This was a hoax perpetrated in 2014 by a company claiming to have invented a “smart toilet” that could analyze, shall we say, deposits to detect such factors as gender, drug and alcohol levels and pregnancy status. It turned out the company was fake and Quantified Toilets (“Capturing toilet behavior for real-time data and health analysis”) was a “thought experiment” to seriously explore the privacy implications of such technology and issues of how such data could be mined and manipulated.
The subject of bathroom privacy is trending as the industry grapples with 21st century issues ranging from access laws to health unease in the time of Covid. Privacy concerns and considerations will profoundly shape bathroom design. What kind of changes do bathrooms need to undergo to address increasing privacy concerns? What will bathrooms look like in one year, let alone five?
Credit (or blame) the Internet for making us all more privacy conscious, whether its companies tracking our browsing habits to more impactfully target their ads to us or fending off cyber-scammers in their relentless pursuit of our credit card or banking information.
It is ironic that people have come to expect privacy when they use a public bathroom even though these are shared spaces designed for multiple and simultaneous occupants, as The Atlantic magazine noted recently. In his book, The Bathroom, Alexander Kira wrote that public bathroom users expect privacy for their own activities and privacy from other people doing theirs.
This brings us back to the bathroom design. Privacy considerations have taken on contemporary undercurrents that have compelled designers to rethink traditional American bathroom stall partitions, which have exposed bottoms and tops and unwelcome peek-throughs between the door and frame. The reasons why bathroom stalls do not extend to the floor are mostly practical. Two of the most obvious are that it allows for floors to be easier to clean and for those waiting in line for a stall to see if it is occupied.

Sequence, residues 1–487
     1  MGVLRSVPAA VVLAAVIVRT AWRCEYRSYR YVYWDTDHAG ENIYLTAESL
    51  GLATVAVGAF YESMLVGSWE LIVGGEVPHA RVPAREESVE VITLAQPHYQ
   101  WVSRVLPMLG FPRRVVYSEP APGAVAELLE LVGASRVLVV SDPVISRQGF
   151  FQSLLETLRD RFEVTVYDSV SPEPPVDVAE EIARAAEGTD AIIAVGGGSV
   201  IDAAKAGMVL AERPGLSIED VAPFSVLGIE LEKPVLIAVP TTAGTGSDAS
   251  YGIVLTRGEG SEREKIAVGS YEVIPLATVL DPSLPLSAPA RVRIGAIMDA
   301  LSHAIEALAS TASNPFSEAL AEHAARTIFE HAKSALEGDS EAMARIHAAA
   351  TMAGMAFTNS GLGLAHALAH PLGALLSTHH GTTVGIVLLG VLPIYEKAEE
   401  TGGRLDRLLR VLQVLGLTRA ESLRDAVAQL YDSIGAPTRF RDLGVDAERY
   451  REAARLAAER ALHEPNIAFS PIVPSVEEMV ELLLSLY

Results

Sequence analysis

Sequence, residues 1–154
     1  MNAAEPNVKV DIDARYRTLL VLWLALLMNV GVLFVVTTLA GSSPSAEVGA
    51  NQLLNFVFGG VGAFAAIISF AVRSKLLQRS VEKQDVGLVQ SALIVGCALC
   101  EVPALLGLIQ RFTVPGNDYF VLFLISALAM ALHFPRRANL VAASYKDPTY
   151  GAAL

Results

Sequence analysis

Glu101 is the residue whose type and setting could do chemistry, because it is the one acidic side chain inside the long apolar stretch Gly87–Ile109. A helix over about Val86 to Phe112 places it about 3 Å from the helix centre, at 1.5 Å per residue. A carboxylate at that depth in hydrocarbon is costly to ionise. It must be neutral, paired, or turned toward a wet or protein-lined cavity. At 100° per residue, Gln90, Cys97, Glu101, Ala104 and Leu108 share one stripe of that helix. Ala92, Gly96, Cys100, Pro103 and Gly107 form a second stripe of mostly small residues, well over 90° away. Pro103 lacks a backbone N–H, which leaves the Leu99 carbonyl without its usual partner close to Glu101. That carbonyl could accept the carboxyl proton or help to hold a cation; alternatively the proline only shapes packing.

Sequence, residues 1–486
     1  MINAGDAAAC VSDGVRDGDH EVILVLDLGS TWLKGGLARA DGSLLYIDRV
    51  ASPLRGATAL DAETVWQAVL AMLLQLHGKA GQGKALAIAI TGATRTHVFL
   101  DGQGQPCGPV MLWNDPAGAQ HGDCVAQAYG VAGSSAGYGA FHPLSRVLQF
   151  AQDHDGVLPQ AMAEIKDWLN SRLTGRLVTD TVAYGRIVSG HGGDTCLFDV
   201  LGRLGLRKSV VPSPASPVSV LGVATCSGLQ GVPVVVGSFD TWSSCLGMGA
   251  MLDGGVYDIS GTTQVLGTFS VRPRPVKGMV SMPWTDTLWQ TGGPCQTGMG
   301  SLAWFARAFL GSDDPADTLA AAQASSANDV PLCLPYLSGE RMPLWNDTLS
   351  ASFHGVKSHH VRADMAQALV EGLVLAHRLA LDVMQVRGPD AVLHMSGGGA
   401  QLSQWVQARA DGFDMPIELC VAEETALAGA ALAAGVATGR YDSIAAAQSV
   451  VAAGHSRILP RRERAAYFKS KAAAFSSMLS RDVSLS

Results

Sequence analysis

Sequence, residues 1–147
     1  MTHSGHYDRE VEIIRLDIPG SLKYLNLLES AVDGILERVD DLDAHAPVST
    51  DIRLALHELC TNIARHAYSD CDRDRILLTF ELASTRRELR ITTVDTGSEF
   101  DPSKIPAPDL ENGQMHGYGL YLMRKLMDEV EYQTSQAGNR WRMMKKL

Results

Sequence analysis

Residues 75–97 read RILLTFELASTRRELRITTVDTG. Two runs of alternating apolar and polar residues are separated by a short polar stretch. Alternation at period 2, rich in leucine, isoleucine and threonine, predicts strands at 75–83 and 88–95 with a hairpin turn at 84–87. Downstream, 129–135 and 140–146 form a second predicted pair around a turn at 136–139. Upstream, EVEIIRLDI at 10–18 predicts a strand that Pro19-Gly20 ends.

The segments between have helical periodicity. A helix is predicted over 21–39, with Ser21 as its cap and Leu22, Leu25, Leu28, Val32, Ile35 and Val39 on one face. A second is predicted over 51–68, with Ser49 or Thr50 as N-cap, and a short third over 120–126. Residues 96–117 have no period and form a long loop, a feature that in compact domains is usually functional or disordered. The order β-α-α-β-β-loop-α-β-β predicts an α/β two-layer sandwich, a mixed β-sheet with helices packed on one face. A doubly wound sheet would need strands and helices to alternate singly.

But the lack of privacy is an issue that impacts users of every age. A survey among students at Landrum Middle School in Houston, Texas, found that a staggering 85 percent of students reported being uncomfortable using the bathrooms because of privacy. Anecdotally, an eighth-grader shared that she avoided using the school bathrooms. “I feel like I’m being watched,” she said.
A survey of trends in public bathroom design finds an emphasis on privacy at a time when already in some states, adults and children, men and women and the physically-challenged, use the same bathroom. European bathrooms took a leading role in designing floor to ceiling partitions as well as urinals not out in the open.
American companies have begun to incorporate these forward-thinking designs in our public bathrooms. Thrislington, for example, have been taking the lead in enhancing privacy with partitions whose floor-to-ceiling doors close flush against the frame. Global Partitions introduced its Urinal Screen whose upgraded design includes “No Sight” hardware.
Another innovation is the singer-user bathroom, which offers enhanced privacy for those with “shy bladders” and eliminates any controversy over which bathroom a transgender person should use.
While the public bathroom will continue to evolve in heretofore unimagined ways, taking privacy into consideration will ensure that bathrooms in the future will serve people regardless of their gender, age or physical challenge.
For more information about the present and future of bathroom design, call Prestige Distribution at 847-480-7667, or visit our website at prestigedistributioninc.com